I previously described the lived experience, or first-person perspective, of suicidality as a crisis of the self.  There can be no concept more central to suicidology than that of the self.  It is the ‘sui’ in suicide, both the victim and perpetrator of any suicidal act.  And yet concepts of selfhood are rarely discussed in suicidology.  One exception is the psychoanalytical enquiry by David Bell who asks, “Who is killing what or whom?” (Bell 2001), but such questions are rare in the literature of suicidology.  The discipline seems to be content to assume the various (and varying) concepts of self that it inherits from its parent disciplines (see below).  It is appropriate and often necessary for any sub-discipline to refine, or redefine, its core concepts according to the contexts of that sub-discipline. Suicidology has not done this.  Given the pivotal role of the self in suicidality, this would appear to be a significant oversight within the discipline.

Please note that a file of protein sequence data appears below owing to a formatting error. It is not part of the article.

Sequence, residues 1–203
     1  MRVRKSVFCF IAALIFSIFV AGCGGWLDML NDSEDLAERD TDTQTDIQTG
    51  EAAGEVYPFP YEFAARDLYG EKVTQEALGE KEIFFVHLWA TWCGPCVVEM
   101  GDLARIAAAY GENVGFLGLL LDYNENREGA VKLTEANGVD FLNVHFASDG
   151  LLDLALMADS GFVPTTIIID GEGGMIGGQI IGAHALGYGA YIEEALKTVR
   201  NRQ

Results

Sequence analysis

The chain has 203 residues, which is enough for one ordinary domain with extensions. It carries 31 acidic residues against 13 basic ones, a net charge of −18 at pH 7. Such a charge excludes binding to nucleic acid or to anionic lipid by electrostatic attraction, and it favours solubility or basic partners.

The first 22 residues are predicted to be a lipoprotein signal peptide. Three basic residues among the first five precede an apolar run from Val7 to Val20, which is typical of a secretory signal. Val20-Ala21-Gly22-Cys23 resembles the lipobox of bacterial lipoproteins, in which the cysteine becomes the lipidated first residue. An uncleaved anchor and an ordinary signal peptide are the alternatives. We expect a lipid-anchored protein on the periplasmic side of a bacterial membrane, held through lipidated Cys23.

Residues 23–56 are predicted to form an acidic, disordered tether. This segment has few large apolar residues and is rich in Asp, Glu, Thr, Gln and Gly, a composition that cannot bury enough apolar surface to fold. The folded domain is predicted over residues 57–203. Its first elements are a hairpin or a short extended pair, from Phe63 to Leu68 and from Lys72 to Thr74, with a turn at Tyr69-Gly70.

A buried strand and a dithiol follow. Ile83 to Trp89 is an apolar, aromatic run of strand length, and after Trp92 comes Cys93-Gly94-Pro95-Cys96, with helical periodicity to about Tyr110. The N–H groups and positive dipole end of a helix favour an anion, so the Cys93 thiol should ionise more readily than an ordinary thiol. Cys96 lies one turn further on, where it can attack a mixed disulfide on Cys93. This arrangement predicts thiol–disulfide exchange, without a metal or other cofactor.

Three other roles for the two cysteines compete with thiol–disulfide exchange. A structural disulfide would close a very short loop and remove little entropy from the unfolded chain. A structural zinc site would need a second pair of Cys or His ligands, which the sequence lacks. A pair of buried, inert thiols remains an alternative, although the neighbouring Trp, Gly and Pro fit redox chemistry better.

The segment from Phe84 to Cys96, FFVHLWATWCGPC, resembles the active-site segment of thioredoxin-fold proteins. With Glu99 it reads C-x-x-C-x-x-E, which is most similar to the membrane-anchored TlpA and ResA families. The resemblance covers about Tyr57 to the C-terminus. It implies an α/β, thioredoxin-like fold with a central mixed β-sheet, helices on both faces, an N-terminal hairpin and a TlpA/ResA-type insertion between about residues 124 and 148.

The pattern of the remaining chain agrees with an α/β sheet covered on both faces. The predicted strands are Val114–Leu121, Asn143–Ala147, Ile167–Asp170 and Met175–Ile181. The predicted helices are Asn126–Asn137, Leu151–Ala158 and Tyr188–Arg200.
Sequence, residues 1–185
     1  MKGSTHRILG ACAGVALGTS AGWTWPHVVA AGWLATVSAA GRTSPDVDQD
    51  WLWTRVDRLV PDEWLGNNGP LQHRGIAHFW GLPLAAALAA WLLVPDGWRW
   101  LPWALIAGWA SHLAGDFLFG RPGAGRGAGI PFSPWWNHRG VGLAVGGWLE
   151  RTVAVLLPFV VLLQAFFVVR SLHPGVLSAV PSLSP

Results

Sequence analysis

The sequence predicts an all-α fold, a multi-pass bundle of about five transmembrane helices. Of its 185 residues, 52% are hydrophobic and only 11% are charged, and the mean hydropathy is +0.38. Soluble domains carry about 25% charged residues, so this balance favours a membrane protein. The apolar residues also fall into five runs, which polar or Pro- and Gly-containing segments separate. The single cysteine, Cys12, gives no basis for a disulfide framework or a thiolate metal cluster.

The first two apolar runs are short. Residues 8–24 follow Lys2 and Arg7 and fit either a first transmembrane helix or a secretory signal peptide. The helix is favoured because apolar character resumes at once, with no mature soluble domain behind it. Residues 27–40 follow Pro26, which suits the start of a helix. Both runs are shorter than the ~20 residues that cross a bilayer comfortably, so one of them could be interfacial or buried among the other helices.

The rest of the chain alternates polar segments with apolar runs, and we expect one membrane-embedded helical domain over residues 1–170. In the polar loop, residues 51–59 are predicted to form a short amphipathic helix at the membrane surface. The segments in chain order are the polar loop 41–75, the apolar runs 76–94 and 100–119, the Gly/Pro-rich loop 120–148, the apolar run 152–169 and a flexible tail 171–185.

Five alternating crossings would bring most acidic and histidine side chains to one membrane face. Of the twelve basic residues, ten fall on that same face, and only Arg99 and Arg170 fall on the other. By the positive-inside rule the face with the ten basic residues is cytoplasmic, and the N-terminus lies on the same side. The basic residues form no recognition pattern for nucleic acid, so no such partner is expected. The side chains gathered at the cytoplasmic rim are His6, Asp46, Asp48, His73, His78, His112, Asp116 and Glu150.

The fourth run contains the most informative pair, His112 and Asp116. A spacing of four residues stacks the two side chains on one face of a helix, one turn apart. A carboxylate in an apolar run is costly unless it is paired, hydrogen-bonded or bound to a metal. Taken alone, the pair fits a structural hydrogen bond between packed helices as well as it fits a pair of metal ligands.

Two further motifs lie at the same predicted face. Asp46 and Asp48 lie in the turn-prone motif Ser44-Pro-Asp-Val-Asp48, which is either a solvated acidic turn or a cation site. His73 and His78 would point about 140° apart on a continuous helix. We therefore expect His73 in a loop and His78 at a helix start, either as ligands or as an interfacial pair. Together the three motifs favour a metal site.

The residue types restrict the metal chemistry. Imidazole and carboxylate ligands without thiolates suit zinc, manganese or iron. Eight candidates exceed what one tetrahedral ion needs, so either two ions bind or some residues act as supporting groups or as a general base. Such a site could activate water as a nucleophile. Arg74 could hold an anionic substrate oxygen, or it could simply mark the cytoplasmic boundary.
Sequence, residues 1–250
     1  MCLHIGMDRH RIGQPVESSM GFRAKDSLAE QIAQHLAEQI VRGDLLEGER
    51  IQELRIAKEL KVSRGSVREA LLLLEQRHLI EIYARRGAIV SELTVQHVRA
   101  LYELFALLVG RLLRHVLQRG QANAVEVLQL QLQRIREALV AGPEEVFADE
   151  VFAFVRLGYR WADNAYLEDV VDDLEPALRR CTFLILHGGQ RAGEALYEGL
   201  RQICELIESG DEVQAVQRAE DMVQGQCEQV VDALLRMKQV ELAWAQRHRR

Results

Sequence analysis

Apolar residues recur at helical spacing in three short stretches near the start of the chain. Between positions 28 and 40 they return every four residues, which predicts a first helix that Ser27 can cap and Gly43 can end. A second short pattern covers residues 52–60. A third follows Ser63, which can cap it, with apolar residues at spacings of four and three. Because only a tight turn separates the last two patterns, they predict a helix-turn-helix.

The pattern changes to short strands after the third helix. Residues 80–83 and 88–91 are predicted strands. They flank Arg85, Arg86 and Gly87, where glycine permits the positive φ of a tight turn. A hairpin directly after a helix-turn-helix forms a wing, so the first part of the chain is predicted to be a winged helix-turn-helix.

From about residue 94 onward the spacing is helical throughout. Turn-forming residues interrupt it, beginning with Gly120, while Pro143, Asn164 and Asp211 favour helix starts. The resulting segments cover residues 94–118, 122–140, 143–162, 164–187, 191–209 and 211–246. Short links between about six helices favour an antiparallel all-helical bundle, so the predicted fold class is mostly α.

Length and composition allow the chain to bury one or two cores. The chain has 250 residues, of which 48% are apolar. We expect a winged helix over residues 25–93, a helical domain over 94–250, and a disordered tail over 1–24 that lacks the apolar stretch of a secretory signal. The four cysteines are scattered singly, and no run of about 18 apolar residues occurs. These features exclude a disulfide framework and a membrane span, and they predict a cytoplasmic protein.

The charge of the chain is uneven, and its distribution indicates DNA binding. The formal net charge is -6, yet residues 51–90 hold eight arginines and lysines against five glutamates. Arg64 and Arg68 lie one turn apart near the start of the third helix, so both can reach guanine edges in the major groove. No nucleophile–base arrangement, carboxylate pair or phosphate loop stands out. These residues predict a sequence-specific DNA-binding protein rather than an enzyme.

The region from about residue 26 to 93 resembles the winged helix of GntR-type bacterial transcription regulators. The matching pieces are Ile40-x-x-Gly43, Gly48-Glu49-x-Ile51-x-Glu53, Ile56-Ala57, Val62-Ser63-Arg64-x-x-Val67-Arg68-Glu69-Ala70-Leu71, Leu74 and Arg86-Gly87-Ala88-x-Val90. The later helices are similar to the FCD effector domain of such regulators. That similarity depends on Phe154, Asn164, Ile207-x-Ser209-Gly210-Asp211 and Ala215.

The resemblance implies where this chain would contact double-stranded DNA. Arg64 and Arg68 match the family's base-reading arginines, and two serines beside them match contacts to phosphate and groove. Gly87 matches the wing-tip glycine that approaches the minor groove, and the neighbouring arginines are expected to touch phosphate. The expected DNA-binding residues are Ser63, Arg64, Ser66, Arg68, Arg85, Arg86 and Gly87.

Spirituality in suicidology

Religion is sometimes discussed in suicidology as a protective factor against suicide.   The emphasis here though is on religious taboos against suicide and also the benefits of being a member of a church community.  Spiritual needs and values as core human needs get little mention.  A striking, but curious, illustration of this can be seen in one of the major references of suicidology (Maris et al 2000).  The editors do recognise the significance of spiritual values to themselves when they acknowledge in the preface “the immense intellectual and spiritual debt that we all owe to our mentors and friends” during the writing of their book.  But there is no other mention of spirituality in this “comprehensive” textbook of suicidology.  It is encouraging, however, to see a leading suicidologist (and a psychiatrist and psychopharmacologist at that), Richard Balon, say recently that spirituality was an important issue for the discipline (Balon 2003 p 5).